Here is our first pass at a title, course description and learning goals. This is, therefore, the beginning of an actual syllabus. The title came from this blog, which came from the Hurston quote (more on that later). The course description came from Tessa. This is the second draft of it. And the learning goals were a group process involving a whole group of people from AltLab, Tessa and me. Probably the hardest part was framing the learning goals into questions — I had the hardest time not starting each of them with “The student will …”. Let us know what you think. Does it sound like a compelling course? One that addresses the important aspects of CEnR? Does it make you want to participate?
Title: Collaborative Curiosity: Designing Community-Engaged Research
Community-Engaged Research (CEnR) is a collaborative process between the researcher and community partner that creates and disseminates knowledge and creative expression with the goal of contributing to the discipline and strengthening the well-being of the community. CEnR is a unique approach to research in that it identifies the assets of all stakeholders and incorporates them in the design and conduct of the different phases of the research process. This 3-credit hour graduate course provides students with the tools to explore the philosophy and techniques of CEnR through connected, online learning. The course will incorporate technology and social media as a means to 1) build and maintain academic-community partnerships, 2) design and implement CEnR, and 3) creatively disseminate information. The student will experience learning through non-traditional methods that are organized, yet informal, and oriented to promote connectivity and powerful engagement beyond the classroom. Through collaborative curiosity, the students will co-create meaningful products that will contribute to their personal research development and to the broader context of CEnR.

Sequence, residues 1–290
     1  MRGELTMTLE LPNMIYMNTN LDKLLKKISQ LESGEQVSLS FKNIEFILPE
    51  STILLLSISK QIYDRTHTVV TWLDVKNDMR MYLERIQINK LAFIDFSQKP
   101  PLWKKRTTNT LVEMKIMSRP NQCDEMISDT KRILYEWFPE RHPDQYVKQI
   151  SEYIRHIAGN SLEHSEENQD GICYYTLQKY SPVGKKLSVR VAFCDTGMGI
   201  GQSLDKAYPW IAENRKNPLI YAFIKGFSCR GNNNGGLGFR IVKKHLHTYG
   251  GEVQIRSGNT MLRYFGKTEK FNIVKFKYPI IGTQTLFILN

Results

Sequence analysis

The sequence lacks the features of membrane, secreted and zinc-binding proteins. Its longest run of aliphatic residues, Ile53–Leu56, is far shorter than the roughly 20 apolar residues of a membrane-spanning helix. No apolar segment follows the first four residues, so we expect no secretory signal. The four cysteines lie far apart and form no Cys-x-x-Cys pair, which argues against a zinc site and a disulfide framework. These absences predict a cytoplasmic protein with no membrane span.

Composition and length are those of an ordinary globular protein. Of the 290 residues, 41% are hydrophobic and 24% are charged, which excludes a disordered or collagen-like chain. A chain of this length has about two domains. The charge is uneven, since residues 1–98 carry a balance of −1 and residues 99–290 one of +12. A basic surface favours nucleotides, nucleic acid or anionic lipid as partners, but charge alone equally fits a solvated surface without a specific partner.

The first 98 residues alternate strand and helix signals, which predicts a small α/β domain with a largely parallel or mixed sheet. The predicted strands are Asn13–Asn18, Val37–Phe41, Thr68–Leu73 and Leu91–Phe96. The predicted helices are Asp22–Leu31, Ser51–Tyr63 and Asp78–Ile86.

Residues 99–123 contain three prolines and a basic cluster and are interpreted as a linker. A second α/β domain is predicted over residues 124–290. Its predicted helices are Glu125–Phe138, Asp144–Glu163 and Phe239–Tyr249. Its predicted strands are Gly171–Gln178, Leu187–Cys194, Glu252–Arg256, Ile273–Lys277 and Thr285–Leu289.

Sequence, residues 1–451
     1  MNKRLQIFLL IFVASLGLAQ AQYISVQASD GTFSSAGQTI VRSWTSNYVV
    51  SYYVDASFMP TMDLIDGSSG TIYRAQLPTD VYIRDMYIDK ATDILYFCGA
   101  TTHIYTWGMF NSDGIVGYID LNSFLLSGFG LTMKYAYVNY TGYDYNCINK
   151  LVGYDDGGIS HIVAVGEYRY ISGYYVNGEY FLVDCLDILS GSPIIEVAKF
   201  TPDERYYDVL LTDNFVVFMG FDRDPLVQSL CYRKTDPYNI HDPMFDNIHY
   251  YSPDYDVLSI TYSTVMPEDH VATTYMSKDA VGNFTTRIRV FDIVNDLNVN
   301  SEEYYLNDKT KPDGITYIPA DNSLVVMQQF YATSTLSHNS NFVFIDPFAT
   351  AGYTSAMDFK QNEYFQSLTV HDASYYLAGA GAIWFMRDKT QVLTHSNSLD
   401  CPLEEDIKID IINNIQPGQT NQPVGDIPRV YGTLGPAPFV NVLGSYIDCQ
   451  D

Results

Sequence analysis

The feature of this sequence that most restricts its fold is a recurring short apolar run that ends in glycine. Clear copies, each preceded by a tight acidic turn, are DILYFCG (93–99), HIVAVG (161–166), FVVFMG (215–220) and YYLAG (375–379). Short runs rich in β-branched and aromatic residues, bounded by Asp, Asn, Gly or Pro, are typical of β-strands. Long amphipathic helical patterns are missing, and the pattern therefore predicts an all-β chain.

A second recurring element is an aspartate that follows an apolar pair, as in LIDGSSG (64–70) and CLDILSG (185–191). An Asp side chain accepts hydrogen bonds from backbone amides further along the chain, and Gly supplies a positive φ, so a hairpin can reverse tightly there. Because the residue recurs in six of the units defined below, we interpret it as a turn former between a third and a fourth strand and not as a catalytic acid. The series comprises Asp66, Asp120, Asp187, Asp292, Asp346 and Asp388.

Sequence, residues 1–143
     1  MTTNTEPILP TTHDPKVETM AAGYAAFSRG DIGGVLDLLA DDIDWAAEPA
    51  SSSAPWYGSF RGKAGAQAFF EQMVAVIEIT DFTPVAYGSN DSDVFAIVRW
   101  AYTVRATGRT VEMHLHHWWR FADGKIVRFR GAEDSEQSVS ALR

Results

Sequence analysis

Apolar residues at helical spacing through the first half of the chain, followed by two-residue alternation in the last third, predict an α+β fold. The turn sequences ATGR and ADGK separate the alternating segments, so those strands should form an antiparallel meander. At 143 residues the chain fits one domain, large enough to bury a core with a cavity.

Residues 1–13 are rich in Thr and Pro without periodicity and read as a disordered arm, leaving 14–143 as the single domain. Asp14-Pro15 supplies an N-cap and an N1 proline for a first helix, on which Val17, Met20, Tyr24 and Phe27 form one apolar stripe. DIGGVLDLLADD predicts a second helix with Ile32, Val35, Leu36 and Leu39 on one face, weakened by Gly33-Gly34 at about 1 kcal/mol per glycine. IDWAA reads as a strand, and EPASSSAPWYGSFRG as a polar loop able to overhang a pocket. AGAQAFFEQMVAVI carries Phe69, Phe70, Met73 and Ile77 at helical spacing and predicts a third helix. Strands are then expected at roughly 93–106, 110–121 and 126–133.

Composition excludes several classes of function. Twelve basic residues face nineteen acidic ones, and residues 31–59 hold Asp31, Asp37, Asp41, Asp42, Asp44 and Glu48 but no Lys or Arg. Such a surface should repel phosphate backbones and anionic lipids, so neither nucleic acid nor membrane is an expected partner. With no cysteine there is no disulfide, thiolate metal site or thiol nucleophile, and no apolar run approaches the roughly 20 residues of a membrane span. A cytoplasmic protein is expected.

- What is CEnR? How do we understand CEnR as a research perspective rather than as a specific method or technique?
- How do we build and maintain collaborative research partnerships with community partners?
- How do we design and implement CEnR?
- How will we disseminate and translate research findings in ways that are accessible to a broad and general population?
Next step is everything else that goes into the syllabus.